- Also: California has some of the strictest gun laws in the nation and a low number of guns per capita compared with other states, but after the shooting in Thousand Oaks activists are looking at how they could tighten restrictions to prevent future gun violence, The New York Times reports. –– Dozens of Democrats who specifically campaigned on gun control are headed to the House. Asma Khalid of NPR asks, what will it mean?
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Big changes coming for Big Tobacco: Rates of cigarette smoking among adults in the U.S. have dropped dramatically in the past half century or so, from 67 percent in 1965 to a historic low in 2017 of 14 percent. But the number using all types of tobacco products, including cigars, smokeless tobacco and e-cigarettes, has been stubbornly immovable at about 19 percent in recent years, despite massive public health campaigns. The Food and Drug Administration is set to take two major steps targeting that figure. It plans to ban menthol cigarettes, a change that anti-smoking advocates say is long overdue but that likely will face legal challenges from the tobacco industry. And FDA Commissioner Scott Gottlieb is expected to announce a ban on most flavored e-cigarette liquids in retail stores and stricter age verification for online sales, changes aimed at stopping the widespread use among children and teens. As The New York Times reports, Juul, the largest player in the U.S. e-cigarette market and one that has been under pressure from the FDA because of its huge sales to teens, today announced that it would stop selling most of its flavored e-cigarette pods in retail stores and discontinue its social media promotions..
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Flush with possibilities: Computer technology that Bill Gates helped create has changed the world. Now he’s working to change the toilet. The Bill & Melinda Gates Foundation has spent $200 million researching sanitation and last week he presented 20 new models of toilets, some of which can translate human waste into clean water and fertilizer, during the Reinvented Toilet Expo in Beijing. Jason Gale of Bloomberg writes that Gates told the crowd that better, cost-effective management of human waste could prevent a half-million infant deaths from disease each year and save $233 billion in health costs.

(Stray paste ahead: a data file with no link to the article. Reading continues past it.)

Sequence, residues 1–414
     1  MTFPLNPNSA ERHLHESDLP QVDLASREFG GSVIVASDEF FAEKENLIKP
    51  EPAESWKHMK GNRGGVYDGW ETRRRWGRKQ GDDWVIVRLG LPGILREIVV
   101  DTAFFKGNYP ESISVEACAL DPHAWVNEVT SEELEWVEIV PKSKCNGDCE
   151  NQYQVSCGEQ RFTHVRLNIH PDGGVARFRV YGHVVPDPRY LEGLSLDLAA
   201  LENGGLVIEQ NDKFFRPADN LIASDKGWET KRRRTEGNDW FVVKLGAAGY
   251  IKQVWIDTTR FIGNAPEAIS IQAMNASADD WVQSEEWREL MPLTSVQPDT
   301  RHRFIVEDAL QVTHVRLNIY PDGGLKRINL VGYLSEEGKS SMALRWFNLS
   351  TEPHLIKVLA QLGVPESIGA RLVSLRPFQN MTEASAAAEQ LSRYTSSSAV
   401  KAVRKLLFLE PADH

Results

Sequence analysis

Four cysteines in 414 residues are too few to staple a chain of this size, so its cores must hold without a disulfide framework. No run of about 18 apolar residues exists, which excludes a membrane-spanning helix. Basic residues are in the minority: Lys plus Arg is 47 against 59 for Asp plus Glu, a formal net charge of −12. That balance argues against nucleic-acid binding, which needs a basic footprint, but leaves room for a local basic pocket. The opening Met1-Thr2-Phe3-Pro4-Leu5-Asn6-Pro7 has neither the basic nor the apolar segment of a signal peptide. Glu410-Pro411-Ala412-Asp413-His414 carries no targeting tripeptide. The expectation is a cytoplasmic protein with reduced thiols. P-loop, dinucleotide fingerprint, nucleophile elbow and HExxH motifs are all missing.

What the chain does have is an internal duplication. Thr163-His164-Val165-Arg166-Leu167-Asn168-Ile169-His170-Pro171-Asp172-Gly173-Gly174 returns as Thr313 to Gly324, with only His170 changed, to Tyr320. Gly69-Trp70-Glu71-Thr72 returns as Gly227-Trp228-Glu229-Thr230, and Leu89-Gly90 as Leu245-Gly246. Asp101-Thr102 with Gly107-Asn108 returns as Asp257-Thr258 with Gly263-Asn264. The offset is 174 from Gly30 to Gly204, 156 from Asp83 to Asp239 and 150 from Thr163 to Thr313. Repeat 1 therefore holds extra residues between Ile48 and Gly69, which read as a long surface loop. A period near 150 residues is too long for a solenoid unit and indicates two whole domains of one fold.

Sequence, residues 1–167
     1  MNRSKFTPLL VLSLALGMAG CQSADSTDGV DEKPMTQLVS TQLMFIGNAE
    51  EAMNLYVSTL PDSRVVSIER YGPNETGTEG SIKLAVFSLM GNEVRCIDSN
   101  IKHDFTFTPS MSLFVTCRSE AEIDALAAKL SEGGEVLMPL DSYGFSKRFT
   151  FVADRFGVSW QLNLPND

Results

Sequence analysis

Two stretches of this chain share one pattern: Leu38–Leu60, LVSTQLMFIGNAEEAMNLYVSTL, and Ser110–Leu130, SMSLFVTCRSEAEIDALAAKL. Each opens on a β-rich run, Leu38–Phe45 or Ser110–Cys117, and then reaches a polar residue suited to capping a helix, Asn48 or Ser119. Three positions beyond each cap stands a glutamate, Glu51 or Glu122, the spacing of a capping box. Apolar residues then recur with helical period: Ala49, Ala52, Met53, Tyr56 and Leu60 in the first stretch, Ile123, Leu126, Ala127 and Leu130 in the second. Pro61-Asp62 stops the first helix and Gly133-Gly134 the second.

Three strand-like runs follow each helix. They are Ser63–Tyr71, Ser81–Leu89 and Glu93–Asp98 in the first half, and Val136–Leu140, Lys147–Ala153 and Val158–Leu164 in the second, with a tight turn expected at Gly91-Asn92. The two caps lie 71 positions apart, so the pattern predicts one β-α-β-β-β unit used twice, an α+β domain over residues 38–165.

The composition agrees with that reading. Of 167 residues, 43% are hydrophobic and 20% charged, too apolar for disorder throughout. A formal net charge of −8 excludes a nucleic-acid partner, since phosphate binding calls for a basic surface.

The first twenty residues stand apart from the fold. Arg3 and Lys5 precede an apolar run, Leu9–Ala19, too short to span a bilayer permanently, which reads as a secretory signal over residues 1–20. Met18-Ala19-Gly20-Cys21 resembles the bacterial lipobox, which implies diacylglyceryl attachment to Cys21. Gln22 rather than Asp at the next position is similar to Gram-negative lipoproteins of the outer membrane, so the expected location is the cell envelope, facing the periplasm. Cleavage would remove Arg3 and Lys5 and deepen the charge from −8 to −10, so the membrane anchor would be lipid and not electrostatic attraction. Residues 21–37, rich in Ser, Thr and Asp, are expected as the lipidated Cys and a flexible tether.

Big price, small fine: Christopher Anderson of Mississippi was killed in May while working on a gas line in Alabama when he opened the door on a container where welding gas was improperly stored and it exploded. “He was one of the kindest guys you’ll ever meet,” his brother told Alabama Media Group soon after Anderson’s death. “He loved his family and his family loved him.” Last week, the Occupational Safety and Health Administration cited the company he was working for, Legend Directional Services, for improper storage of compressed gases. The company faces proposed penalties of $28,455, which includes the maximum fine allowed for the fatality. “This tragedy could have been avoided if the employer had followed required procedures for storing dangerous gases,” OSHA’s Birmingham Area Office Director Ramona Morris said in a press release.
- Also: The U.S. Postal Service faces proposed penalties of $129,336 for failing to protect mail carriers in Las Vegas from extreme heat, after at least four employees from the Silverado Station branch this year were treated for heat exposure, including one who was hospitalized. –– The Department of Labor has proposed penalties of $320,261 after inspections found that Sabel Steel Service of Alabama exposed workers to amputation, fall and other hazards at four locations.
Keystone XL halted: In a major win for environmentalists and indigenous rights groups, a federal judge has blocked further construction of the Keystone XL pipeline, designed to carry Canadian tar sands oil to U.S. markets, Phil McKenna of InsideClimate News reports. The government “simply discarded prior factual findings related to climate change to support its course reversal,” Judge Brian Morris of the United States District Court in Montana wrote. President Trump called the decision a political move and “a disgrace.”
- Also: An Indiana utility is planning to eliminate its coal power plants by 2028, replacing them with a portfolio of solar and wind power with storage technology, the trade publication Utility Dive reports. The utility projects that doing that, plus managing power demand, could save ratepayers $4 billion over 30 years.
Chelsea Conaboy is a FairWarning contributor and freelance writer and editor specializing in health care. Find more of her work at chelseaconaboy.com